The Evolution of Bacterial Resistance

How do bacteria become resistant to antibiotics?

Many people think that antibiotic resistance is only a problem for people who abuse antibiotic prescriptions, but it's not true. When people don't take antibiotics properly, the health of the entire public is at risk. Even if you haven't taken antibiotics for a long time, an infection caused by resistant bacteria may be more difficult to treat.

When exposed to an antibiotic, bacteria generally have two options -

  1. Mutation - the bacteria change their structure; the antibiotic can no longer permeate the bacteria or bind to the cell surface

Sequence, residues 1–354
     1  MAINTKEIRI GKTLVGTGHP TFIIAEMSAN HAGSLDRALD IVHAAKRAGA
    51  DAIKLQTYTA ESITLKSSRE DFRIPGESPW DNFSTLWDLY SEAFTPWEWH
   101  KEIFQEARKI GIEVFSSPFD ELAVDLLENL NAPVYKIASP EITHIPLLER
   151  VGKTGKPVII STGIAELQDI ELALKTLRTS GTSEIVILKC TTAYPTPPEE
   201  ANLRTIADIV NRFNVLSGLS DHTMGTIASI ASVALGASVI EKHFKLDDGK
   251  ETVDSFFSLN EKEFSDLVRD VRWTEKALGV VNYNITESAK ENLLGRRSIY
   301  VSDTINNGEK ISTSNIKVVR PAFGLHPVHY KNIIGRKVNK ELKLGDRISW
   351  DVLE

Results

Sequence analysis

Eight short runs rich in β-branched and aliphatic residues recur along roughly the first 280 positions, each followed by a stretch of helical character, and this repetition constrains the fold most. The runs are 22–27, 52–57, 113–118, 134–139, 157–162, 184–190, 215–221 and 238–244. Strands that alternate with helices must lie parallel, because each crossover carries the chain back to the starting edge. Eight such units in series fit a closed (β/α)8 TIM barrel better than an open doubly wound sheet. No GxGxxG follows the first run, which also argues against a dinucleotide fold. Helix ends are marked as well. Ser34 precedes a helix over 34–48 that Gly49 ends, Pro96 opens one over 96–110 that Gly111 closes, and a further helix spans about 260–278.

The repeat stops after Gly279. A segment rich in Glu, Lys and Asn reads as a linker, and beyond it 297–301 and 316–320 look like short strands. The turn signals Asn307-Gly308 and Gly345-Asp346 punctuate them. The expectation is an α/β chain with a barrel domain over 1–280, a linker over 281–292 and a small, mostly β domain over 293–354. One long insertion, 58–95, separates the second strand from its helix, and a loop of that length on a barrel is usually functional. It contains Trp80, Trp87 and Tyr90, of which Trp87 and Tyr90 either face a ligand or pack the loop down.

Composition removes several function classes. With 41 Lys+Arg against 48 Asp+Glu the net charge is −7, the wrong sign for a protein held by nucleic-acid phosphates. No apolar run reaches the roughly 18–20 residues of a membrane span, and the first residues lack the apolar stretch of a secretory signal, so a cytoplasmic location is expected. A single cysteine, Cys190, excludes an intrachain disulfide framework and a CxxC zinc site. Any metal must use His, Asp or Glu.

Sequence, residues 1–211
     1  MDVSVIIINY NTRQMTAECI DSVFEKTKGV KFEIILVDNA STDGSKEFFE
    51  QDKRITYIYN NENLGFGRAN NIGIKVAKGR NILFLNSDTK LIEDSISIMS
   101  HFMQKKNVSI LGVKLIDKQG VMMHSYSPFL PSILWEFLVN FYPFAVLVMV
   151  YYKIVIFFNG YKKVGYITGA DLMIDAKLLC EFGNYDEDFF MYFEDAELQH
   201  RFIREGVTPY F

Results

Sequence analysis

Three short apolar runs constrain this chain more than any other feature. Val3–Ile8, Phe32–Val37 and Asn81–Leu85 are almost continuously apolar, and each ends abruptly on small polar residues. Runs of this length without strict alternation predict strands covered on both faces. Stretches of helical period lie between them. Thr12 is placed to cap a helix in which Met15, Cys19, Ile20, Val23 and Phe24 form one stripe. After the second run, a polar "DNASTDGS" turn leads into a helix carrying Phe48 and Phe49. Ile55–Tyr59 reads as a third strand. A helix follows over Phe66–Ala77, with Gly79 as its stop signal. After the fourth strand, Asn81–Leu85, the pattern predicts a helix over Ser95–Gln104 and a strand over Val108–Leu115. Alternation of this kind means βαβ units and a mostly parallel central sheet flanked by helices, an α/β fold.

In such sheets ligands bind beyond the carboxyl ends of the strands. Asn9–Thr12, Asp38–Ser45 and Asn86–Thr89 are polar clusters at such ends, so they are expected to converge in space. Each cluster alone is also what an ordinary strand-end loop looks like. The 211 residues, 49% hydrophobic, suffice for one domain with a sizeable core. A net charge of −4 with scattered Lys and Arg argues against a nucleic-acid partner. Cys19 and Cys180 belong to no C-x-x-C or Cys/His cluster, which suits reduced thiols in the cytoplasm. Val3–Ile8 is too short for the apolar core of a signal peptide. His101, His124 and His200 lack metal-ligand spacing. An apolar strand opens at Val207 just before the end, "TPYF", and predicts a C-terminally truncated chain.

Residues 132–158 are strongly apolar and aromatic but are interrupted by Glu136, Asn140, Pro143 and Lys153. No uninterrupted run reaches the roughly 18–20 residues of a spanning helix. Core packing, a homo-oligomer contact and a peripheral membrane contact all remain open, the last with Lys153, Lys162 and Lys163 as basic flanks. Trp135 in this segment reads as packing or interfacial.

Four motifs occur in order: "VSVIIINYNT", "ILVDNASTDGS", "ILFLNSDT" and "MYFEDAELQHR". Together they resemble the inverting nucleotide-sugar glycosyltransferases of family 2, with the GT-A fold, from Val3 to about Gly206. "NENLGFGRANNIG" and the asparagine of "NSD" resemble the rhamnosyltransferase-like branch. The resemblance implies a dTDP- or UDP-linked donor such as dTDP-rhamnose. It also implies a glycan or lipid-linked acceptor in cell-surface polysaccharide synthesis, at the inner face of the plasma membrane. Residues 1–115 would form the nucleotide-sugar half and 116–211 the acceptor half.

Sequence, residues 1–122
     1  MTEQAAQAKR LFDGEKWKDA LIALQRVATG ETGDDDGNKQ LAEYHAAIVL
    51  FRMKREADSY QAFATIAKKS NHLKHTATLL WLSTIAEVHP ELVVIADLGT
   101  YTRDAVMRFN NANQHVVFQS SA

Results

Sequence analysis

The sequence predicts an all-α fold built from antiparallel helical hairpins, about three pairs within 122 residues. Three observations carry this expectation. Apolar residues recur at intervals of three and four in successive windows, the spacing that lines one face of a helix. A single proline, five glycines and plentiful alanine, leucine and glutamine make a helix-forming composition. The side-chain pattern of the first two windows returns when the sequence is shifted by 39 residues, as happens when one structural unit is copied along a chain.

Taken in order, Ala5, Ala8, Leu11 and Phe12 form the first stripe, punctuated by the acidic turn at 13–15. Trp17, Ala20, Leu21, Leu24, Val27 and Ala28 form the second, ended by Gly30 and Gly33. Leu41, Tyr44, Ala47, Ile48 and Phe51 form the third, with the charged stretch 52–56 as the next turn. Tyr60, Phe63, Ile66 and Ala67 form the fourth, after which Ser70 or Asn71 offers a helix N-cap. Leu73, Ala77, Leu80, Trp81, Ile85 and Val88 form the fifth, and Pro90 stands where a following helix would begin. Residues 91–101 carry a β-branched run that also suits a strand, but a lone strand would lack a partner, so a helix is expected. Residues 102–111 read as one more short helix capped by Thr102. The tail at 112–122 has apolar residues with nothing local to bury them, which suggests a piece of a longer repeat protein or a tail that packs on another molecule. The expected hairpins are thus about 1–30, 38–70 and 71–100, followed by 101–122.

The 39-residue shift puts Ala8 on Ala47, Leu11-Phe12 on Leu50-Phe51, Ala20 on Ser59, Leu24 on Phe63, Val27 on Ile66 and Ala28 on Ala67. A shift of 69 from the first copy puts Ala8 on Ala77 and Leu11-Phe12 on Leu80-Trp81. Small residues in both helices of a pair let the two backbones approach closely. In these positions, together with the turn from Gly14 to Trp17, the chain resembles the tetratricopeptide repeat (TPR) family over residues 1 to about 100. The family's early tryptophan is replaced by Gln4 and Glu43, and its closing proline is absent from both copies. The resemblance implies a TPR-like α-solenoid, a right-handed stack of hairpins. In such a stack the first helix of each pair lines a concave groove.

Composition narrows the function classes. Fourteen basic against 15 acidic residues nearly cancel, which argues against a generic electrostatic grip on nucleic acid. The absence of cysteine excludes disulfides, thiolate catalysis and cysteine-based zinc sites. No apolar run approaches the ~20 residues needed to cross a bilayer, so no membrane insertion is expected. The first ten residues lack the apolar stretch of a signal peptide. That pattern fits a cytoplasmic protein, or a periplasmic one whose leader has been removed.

2. Acquire new genes - the bacteria acquire enzymes that de-activate or even destroy the antibiotic

As a result, instead of wiping out the infection altogether, the antibiotic kills only the weaker, non-resistant organisms and leaves their tougher counterparts to multiply and spread the genes that ensured their survival to begin with. Resistance develops over time as new generations of bacteria become stronger - a problem only made worse by the abuse, misuse and overuse of antibiotics.

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Bacteria in Action | Bacterial vs. Viral Infections | Good and Not-So-Good Bacteria | The Evolution of Bacterial Resistance | Bacterial Infection Dictionary